Payments to a Partnership with a Non-Resident Member

Should there be part XIII withholding payments in respect of a Canadian-resident partner when the partnership has one or more non-resident members? Form NR-302 (“Declaration of Eligibility for Benefits (Reduced Tax) Under a Tax Treaty for a Partnership with Non-Resident Partners”) says that this is not required, contrary to the usual CRA position and, arguably, the law.

Paragraph 212(13.1)(b) provides that if a person resident in Canada pays or credits an amount to a partnership, the partnership is deemed to be a non-resident person unless the partnership is a “Canadian partnership.” Because the definition of this term in section 102 requires that all the partners be residents of Canada, even one non-resident partner triggers a requirement for part XIII withholding. The plain meaning of the paragraph appears to be that withholding is required in respect of payments to a partnership with one or more non-resident partners, regardless of a Canadian-resident partner’s relative entitlement to such income. The CRA’s longstanding interpretation is set out in paragraph 7 of Interpretation Bulletin IT-81R1 (“Partnerships—Income of Non-Resident Partners”; archived):
Where tax is to be withheld under Part XIII because a partnership is deemed by paragraph 212(13.1)(b) to be a non-resident person, the withholding applies to the full amount of the payment even though some members of the partnership are residents of Canada. The portion of such tax withheld that is attributable to a resident member of the partnership may be claimed by him as a credit against the tax otherwise payable under Part I of the Act.
The CRA confirmed this position in the specific situation of rental payments to a partnership: 25 percent withholding from the payment is required, and “not only from the non-resident’s proportionate share” (CRA document no. 2012-0450491E5, March 27, 2013).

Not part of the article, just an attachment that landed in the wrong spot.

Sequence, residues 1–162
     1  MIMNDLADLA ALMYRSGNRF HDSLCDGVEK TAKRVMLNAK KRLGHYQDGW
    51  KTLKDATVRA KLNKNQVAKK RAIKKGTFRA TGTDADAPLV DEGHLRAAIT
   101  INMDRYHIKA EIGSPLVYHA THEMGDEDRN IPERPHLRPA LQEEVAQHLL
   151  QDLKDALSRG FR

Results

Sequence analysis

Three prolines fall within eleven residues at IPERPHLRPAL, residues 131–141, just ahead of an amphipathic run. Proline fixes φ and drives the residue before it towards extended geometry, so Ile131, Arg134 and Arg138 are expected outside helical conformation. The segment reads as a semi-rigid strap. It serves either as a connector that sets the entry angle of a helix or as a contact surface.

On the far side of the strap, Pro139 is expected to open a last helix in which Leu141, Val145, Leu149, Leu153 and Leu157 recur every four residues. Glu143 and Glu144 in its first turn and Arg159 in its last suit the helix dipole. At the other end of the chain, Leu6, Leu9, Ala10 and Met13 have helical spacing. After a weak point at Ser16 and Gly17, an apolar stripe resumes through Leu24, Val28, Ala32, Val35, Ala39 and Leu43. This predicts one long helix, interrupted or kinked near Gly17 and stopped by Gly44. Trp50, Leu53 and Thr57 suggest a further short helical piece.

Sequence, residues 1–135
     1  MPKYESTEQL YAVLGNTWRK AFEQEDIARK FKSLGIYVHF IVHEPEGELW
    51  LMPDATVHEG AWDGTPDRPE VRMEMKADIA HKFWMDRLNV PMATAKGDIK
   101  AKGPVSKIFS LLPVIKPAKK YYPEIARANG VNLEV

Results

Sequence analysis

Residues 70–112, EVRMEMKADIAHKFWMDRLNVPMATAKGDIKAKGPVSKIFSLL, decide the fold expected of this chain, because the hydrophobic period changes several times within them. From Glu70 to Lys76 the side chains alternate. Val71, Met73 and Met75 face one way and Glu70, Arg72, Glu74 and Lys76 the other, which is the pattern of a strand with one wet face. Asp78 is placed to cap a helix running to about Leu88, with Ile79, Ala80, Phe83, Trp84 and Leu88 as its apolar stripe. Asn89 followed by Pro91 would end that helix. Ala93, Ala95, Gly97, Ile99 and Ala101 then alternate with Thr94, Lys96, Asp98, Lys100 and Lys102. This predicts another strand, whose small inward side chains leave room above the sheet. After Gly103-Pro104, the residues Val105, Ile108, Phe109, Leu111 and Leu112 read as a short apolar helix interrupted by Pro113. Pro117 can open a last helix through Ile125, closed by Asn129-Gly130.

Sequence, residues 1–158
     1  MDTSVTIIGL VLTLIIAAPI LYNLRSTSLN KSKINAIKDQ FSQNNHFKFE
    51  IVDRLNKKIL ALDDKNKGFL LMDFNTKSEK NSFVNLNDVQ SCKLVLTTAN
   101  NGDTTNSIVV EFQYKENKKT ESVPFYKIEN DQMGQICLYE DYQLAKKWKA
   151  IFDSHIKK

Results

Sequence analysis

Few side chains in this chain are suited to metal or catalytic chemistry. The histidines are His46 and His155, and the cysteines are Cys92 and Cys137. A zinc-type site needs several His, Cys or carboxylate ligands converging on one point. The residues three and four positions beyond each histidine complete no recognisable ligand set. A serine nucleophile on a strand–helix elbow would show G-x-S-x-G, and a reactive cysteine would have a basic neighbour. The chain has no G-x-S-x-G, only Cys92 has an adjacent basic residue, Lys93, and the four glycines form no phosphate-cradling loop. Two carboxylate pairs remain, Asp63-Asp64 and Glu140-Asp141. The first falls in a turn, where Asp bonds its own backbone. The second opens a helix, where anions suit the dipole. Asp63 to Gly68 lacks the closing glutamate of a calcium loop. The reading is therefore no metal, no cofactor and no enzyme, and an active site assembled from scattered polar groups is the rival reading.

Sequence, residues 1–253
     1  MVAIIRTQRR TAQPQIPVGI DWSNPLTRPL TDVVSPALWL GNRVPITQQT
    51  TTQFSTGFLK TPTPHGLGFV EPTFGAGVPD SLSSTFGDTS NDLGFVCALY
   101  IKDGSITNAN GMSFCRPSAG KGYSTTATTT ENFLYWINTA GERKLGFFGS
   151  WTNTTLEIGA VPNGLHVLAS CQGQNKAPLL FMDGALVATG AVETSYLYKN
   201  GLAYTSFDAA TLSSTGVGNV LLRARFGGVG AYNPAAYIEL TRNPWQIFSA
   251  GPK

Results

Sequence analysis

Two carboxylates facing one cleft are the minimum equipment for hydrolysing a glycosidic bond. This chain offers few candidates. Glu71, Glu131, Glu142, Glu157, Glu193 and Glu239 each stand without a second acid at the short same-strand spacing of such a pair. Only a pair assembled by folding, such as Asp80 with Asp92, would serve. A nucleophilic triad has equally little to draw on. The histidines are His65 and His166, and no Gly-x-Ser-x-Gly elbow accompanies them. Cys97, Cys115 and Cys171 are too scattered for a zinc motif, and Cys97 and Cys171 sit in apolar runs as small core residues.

The CRA permits a reduction of the withholding rate in respect of a non-resident partner that is entitled to the benefit of a bilateral tax treaty between Canada and the partner’s country of residence (CRA document no. 2004-0074241E5, July 19, 2005), as required under ITAR 10(6) and possibly paragraph 110(1)(f). However, no reduction is permitted in respect of payments to a resident partner, even for amounts that may not be taxable to the partner.

In 2010, the CRA released new forms to assist Canadian payers in determining the appropriate rate of withholding for payments made to non-residents. Form NR-302 is to be used when the payee is a partnership, enabling payers to determine the appropriate blended rate of withholding tax payable in respect of partners that have differing (or no) tax treaty entitlement. Part III of worksheet A explicitly provides that the rate to be used in respect of a partnership interest owned by a resident of Canada is 0 percent, without any indication that this position is directly in conflict with the CRA position noted above.

It seems prudent for payers to withhold in such situations, as is required by the law and the CRA position. However, if a payer does not withhold, form NR-302 might possibly offer some defence in court or to support an application under the fairness provisions, although the CRA is not bound by a published policy when it does not properly give effect to the legislation (see, for example, Canada (Attorney General) v. Picard, 2014 FCA 46, at paragraph 21).

It is hoped that the CRA will use the yet-to-be-released Income Tax Folio on part XIII withholding to clarify its position on this matter.

Jesse Brodlieb
Dentons Canada LLP, Toronto

Canadian Tax Focus
Volume 5, Number 2, May 2015
©2015, Canadian Tax Foundation